By Iftikhar Gilani
It’s been almost a year since one of Kashmir’s most prominent journalists, Shujaat Bukhari, was assassinated minutes before the rise of the Eid crescent in the heart of Srinagar city. It was expected that, unlike past cases involving high-profile shootings, the police would this time conduct a credible and transparent investigation. After all, his killing not only shocked the state and country but eventually led to the fall of the PDP-BJP government headed by Mehbooba Mufti.
On June 19, 2018, when the BJP withdrew its crutches from the Mehbooba government, party general secretary Ram Madhav cited Shujaat’s killing as one of the reasons for the imposition of governor’s rule. However, a year later, the motives behind the murder are still unclear.
At the funeral last year, even though Shujaat and his family were well connected within the establishment, hardly anybody was confident that law enforcement agencies would be able to conduct a credible investigation. In a familiar sequence of events, a Special Investigation Team (SIT) was assembled by the police, which established that the Pakistan-based Lashkar-e-Tayyaba (LeT) was responsible for Bukhari’s killing.
The militant group, however, denied involvement. Later in November 2018, the police and army killed one of the primary suspects, Naveed Jhat, in a shootout. Now for the police, the case seems to have been closed.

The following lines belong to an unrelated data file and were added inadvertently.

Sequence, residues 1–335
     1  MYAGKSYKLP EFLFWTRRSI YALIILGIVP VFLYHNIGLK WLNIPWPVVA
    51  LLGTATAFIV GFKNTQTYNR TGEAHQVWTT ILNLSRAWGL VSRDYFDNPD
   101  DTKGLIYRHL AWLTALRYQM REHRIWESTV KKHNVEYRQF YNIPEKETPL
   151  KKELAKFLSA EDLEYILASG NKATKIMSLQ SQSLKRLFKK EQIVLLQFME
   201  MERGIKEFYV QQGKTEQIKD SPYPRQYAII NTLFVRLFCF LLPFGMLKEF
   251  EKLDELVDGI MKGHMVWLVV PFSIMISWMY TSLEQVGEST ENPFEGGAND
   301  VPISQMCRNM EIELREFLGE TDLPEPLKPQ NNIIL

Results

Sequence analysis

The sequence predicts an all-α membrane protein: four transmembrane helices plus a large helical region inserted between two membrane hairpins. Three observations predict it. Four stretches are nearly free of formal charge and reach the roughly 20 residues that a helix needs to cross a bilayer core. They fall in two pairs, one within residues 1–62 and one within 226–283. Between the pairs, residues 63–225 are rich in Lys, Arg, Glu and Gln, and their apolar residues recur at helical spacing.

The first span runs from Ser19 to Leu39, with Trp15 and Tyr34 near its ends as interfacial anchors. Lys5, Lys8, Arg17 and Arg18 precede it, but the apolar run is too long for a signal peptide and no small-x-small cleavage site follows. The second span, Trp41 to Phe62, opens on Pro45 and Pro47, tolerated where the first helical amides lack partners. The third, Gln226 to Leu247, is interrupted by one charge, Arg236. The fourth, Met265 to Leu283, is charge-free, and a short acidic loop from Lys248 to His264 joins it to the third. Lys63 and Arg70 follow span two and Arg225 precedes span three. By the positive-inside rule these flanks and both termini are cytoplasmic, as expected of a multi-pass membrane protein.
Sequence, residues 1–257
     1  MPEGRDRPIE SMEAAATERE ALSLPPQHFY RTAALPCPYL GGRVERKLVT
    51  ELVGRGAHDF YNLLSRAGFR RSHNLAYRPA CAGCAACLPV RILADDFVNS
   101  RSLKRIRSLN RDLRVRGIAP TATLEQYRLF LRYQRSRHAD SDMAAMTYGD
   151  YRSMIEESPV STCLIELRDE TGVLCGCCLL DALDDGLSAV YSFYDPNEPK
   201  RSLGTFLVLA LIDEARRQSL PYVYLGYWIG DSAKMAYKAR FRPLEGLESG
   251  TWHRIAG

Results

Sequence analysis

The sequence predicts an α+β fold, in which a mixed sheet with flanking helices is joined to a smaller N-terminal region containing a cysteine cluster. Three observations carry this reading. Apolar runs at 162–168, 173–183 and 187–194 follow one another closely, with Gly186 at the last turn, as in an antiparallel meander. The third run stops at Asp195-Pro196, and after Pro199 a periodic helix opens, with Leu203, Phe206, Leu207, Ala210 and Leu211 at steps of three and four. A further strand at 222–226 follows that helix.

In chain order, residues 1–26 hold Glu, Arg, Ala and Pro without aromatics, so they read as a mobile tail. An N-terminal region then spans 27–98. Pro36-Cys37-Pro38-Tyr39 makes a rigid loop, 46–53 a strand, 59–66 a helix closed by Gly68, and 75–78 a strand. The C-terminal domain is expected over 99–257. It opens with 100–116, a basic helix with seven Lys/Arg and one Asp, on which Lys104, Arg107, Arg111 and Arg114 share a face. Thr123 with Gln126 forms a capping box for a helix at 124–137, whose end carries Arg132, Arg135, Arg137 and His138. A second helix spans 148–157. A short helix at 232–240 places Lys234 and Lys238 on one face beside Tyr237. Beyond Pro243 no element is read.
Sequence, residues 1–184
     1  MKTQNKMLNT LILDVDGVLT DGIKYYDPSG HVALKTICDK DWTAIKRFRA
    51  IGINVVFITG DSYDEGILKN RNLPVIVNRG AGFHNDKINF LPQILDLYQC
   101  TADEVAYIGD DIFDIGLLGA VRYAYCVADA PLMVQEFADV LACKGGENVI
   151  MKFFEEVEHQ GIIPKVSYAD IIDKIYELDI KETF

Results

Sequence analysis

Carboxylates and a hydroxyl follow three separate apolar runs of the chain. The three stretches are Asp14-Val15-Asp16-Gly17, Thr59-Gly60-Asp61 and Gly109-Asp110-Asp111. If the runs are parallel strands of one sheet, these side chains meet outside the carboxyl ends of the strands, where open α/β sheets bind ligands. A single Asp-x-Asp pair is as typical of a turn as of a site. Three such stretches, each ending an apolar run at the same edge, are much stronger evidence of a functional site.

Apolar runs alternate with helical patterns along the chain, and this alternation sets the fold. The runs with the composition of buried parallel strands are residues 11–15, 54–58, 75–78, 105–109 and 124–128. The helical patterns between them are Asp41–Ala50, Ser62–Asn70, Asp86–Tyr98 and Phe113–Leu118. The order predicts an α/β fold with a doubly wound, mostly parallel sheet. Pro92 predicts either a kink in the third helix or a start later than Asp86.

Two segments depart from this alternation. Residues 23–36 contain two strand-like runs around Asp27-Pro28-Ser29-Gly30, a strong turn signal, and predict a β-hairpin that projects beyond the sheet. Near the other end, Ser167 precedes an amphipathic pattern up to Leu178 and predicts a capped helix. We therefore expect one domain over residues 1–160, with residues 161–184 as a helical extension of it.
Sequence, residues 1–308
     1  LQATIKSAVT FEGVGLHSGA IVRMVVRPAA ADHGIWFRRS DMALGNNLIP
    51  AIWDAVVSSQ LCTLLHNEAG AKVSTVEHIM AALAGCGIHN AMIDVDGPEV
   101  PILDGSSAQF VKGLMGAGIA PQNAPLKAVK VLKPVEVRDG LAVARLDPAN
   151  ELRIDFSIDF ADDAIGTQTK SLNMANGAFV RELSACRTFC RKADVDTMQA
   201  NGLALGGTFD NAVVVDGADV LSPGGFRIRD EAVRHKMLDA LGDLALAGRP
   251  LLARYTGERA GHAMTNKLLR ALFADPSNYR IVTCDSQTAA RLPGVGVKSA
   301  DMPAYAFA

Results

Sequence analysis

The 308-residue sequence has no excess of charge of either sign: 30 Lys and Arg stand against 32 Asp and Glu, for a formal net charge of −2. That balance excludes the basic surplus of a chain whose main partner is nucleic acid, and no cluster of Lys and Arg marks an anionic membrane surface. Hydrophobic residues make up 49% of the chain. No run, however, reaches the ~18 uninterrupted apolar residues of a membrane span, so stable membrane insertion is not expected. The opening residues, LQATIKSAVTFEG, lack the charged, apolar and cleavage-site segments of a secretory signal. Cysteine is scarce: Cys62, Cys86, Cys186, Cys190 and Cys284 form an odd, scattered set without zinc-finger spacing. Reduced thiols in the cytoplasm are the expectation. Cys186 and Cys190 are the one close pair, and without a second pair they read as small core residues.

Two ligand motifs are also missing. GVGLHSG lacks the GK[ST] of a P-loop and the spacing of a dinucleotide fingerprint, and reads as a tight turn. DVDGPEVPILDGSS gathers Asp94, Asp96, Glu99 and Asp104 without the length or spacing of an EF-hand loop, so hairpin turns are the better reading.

After showing so much concern to the extent of withdrawing support from the PDP, it was expected that the investigation would be taken to some logical conclusion given that the Modi government at the Centre was now directly running the state through the governor. But the big question still remains –whose motives did Shujaat’s killing serve?
The police investigation has created the impression that there is no energy or motivation to unearth the planners and the murderers. There has hardly been any effort to unmask those who engineered a malicious campaign against Shujaat in the run up to his assassination. Some of these individuals are still sitting cosy in world capitals, continuing to write columns and social media posts.
They may not have carried out Bukhari’s assassination, but their hands are equally soaked with his blood. There was cause to look into all those IP addresses and their sources and identify the people who were a part of the malicious campaign. There was a case to involve the country’s Central agencies and even take the help of Interpol to find the culprits.
Naveed Jhat may be dead but there are a number of unanswered questions: How did three militants armed with assault rifles manage to go undetected in the busy Lal Chowk area, which was bubbling with Eid festivities? Who owned the motorcycle? How is it that police security cameras and CCTVs had either been moved or were not functional? The police itself arrived at the scene after more than 20 minutes. Who was the person seen in footage recorded by onlookers stealing the pistol of Shujaat’s bodyguard? We never heard anything about the man – despite watching him on TV channels and being told at the time that he had been declared a suspect.